How to bundle products with WooCommerce

Image Credit: WooThemes

Social Media

Queensland Business Group:
https://www.facebook.com/groups/queenslandbusiness/permalink/1977804618938856/

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Update WordPress for SSL

After your SSL certificate has been installed on your web site hosting, you may still have some issues with “mixed content” on your pages throwing up warning messages in your visitors’ web browsers. This will make them nervous about visiting your web site. I’ve prepared a short video explaining how to fix that.

Doing this manually is tedious in WordPress (straightforward in Joomla and Moodle), but here’s how to do it with a plugin in a few minutes.

For Joomla junkies and Moodlers, the processes are shown below:

If you need a hand, sing out!

 

 

Image credit:

https://sucuri.net/guides/how-to-install-ssl-certificate

Social Links

Australian Business Collaborative:
https://www.facebook.com/groups/1322586367762977/permalink/1807786895909586/

Queensland Business Group:
https://www.facebook.com/groups/queenslandbusiness/permalink/1970591389660179/

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CMS-LMS Integration – WordPress and Moodle

CMS-LMS integration. How and Why.

Most people are familiar with a CMS (content management system) such as WordPress, Joomla, Drupal, Wix, etc. These are great for building web sites and there are some very effective plugins for extending these into e-commerce and marketing powerhouses. Some people may also be familiar with an LMS (learning management system) such as Blackboard or Moodle – especially if you’ve studied at university.

You can even get LMS plugins for WordPress and other CMSs, which is fine for running a small training or teaching site. However, the gradebook and other specialist functions of a full-blown LMS are indispensible to serious educational institutions. On the other hand, a CMS is much better at e-commerce and marketing functions with a shopping cart that can handle product variations, coupons, and bundling.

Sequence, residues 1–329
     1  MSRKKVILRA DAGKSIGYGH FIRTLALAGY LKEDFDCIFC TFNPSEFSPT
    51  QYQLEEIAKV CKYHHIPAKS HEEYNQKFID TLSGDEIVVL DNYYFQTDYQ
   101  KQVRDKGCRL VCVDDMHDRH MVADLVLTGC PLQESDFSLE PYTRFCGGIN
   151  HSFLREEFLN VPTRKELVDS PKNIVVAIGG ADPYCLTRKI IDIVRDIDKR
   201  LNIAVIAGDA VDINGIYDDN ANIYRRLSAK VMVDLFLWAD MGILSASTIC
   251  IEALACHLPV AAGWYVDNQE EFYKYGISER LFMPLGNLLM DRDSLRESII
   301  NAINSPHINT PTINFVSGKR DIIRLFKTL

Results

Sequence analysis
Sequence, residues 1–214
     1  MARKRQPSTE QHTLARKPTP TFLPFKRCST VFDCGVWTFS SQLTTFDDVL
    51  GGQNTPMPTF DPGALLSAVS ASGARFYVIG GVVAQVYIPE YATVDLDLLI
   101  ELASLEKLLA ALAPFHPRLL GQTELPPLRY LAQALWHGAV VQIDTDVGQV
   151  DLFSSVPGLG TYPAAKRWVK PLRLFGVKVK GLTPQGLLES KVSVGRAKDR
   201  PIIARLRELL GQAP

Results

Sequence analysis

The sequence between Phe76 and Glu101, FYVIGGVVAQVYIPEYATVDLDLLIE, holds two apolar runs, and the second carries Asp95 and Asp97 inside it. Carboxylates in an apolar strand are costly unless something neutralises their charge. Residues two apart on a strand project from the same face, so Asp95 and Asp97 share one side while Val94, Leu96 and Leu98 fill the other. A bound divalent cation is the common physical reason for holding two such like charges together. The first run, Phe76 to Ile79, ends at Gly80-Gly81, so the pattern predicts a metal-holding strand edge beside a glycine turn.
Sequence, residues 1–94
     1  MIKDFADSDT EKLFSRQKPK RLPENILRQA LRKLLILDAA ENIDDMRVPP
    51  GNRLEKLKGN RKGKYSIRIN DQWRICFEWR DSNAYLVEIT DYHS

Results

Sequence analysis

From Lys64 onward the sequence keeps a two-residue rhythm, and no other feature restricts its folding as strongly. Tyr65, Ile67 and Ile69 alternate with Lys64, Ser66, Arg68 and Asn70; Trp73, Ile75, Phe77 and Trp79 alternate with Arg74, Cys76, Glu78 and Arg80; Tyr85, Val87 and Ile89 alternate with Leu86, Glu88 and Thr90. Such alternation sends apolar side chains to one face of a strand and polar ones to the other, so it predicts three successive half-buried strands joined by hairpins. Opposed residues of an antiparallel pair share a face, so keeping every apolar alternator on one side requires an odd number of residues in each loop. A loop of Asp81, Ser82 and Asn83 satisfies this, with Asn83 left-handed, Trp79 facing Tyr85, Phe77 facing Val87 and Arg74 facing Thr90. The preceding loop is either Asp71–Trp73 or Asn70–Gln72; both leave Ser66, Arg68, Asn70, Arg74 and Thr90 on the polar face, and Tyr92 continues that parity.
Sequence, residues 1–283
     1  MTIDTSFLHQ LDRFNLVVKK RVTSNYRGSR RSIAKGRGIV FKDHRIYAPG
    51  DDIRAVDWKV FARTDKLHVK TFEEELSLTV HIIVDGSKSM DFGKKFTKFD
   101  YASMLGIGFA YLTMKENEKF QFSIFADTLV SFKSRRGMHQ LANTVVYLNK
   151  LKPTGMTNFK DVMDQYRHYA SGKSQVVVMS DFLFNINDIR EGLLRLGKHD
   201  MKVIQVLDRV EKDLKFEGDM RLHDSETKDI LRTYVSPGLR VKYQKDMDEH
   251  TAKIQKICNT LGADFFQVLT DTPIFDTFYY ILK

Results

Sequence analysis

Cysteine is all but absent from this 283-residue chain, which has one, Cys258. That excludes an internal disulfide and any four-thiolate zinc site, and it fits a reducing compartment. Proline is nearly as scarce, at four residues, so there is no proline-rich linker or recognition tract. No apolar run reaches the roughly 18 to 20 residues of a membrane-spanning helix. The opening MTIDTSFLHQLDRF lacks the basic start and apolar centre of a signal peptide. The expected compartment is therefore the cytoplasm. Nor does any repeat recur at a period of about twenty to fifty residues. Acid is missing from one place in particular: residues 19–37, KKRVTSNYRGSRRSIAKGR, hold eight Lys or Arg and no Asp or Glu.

The problem is you might need both a CMS and an LMS, but then your clients will need separate accounts and logins – painful and inefficient. Some time ago, a plugin for WordPress appeared called Edwiser Bridge to solve this. More recently, it has become fully integrated with the rapidly expanding Woocommerce plugin and extensions. So, now you can bundle courses with products (eg documents, resources, and merchandise) very easily.

I’ve been testing this recently for a client with very encouraging possibilities for her online training business. It’s an exciting prospect for RTOs and small, even micro, businesses offering online training courses.

Social Media

Queensland Business Group:
https://www.facebook.com/groups/queenslandbusiness/permalink/1948677625184889/

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Suddenly missing icons?

Missing icons on your newly secure web site? Sometimes, it seems that icons, for example those in your menus and on your shopping cart pages, may disappear. This can be most frustrating and confusing. However the problem may not be a problem in reality, rather only for you when editing your pages in WordPress. It could be a bug in the editor, or you may need a wildcard redirect via your hosting cPanel.

Before you tear your hair out, just check that your browser is pointing to a https:// instead of http:// when viewing your pages after editting. Browsers these days like to obscure this prefix so it’s not always clear. Generally, it’s not a problem for your site visitors.

Don’t panic, and sing out of you need a hand.

Image Credit:
https://creativemarket.com/creativevip/140428-15-E-Commerce-Icons